New funding helps broaden bat research and white-nose monitoring
Wyoming bat biologists are expanding their research on the winter habitat of bats in Wyoming with new funding from the U.S. Fish and Wildlife Service. Understanding where bats spend the winter and what particular spots they like is critical to monitoring the impacts and spread of white-nose syndrome, a fungal disease that kills bats. The fungus that causes white-nose syndrome was detected for the first time in Wyoming in May at the Fort Laramie National Historic Site.
The Wyoming Game and Fish Department was awarded $29,437 to broaden white-nose monitoring and tracking of the little brown myotis bat to evaluate how they use their surroundings in the winter.
Last fall, bat researchers placed three radio-telemetry trackers on two species of bats to see where they fly and settle. This effort will continue throughout the winter, and biologists also will deploy acoustic detectors — devices that listen for bats — to help determine how they wake up and timing of bats’ spring emergence. With these combined efforts, Game and Fish researchers are optimistic they will learn how to better support bats and track the spread of white-nose.
“In other Western states, bats roost in structures other than mines and caves, like rocky slopes. This data will help us find those locations within Wyoming and give us a more complete picture of roosting habitat, which is critical for white-nose monitoring,” said Zack Walker, Game and Fish nongame bird and mammal supervisor.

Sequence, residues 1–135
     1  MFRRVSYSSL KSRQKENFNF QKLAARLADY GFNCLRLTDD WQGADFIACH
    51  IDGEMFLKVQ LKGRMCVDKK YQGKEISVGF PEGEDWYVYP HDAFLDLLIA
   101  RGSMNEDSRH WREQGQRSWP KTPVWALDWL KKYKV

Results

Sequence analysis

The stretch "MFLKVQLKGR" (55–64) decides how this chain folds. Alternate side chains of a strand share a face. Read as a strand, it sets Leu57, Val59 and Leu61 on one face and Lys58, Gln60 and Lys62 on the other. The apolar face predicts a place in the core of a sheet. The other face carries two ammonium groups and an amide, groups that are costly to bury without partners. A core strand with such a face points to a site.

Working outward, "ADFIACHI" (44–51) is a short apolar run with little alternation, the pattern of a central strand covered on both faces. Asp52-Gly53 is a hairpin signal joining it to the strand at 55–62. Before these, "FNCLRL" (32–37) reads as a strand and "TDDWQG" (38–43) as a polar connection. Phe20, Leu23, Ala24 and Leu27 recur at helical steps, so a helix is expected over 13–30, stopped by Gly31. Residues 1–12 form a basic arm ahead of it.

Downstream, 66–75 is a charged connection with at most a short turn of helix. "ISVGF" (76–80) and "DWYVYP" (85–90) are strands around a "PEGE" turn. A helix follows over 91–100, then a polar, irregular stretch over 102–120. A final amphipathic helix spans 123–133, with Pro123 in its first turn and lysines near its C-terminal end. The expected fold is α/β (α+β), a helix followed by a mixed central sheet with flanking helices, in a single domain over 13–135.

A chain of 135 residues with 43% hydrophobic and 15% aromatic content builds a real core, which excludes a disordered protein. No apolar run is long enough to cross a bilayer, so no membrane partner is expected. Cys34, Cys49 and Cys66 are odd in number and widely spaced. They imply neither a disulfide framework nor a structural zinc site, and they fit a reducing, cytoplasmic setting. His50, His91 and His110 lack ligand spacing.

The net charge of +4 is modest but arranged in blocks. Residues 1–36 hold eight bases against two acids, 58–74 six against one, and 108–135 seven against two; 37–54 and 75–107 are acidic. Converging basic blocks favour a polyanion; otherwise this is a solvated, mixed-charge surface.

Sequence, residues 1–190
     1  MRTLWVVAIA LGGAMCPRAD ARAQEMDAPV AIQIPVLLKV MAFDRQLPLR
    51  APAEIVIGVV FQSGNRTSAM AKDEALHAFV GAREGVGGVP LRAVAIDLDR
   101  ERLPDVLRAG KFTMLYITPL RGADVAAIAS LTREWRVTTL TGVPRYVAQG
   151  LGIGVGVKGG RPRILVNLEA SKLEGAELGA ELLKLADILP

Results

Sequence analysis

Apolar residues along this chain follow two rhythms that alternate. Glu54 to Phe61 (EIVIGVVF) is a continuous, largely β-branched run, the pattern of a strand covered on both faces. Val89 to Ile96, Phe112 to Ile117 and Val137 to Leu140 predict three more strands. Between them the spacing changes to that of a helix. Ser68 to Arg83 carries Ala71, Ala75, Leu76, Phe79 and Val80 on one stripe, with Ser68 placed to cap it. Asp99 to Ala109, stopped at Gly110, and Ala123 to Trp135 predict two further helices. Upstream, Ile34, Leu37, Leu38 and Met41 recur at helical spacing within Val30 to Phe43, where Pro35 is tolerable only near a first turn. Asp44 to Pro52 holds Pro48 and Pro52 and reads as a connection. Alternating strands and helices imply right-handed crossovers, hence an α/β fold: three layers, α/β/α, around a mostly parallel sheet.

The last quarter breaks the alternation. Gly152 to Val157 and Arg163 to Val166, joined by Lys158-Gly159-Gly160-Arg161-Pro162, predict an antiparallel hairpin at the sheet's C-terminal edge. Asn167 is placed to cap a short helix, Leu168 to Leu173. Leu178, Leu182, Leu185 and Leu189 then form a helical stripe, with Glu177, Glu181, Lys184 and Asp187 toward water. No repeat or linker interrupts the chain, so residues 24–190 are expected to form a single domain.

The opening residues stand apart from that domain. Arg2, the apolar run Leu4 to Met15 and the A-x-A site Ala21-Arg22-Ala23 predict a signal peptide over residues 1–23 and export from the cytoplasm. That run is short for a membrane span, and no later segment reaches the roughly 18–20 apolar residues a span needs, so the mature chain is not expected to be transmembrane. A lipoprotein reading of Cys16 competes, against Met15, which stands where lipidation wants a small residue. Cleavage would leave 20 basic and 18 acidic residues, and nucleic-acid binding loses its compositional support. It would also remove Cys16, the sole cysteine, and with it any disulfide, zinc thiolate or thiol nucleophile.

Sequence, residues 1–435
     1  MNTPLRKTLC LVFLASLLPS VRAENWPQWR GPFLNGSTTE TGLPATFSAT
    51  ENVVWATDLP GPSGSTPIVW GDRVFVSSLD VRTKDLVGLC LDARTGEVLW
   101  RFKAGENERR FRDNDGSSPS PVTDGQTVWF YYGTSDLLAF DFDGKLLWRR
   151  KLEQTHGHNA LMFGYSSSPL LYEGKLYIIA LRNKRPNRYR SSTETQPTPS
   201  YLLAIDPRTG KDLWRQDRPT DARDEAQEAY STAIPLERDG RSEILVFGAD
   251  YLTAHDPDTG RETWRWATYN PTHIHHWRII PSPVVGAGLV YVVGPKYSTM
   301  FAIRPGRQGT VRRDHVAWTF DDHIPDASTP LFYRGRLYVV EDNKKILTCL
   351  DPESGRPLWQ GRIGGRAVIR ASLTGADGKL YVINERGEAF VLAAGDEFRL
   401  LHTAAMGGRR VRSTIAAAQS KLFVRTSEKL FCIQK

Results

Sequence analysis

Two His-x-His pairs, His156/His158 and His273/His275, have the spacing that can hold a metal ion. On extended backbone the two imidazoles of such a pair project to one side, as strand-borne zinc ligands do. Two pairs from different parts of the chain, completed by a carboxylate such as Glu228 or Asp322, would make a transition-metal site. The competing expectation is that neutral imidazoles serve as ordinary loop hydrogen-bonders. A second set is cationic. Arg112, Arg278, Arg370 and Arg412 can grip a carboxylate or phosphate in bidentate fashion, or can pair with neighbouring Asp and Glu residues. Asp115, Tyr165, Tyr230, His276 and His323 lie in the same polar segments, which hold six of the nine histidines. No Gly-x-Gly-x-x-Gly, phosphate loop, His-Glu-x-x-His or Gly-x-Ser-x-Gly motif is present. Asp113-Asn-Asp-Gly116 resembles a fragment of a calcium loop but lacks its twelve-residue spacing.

For 25 years, biologists have surveyed caves and mines to find where bat roosts in the winter, places called hibernacula. Since 2014, Game and Fish has swabbed the small creatures in these winter boarding locations, looking for the fungus that causes white-nose syndrome, Pseudogymnoascus destructans, or Pd for short. Monitoring was part of a long-term national protocol and data collection system led by the National Wildlife Health Center.
“We have only found seven little brown myotis hibernacula,” said Zack Walker. “This suggests the majority of little brown myotis go undetected and are never swabbed with the standard winter survey method.”
In the spring, biologists will conduct mist net surveys to capture bats again and swab for early detection of Pd.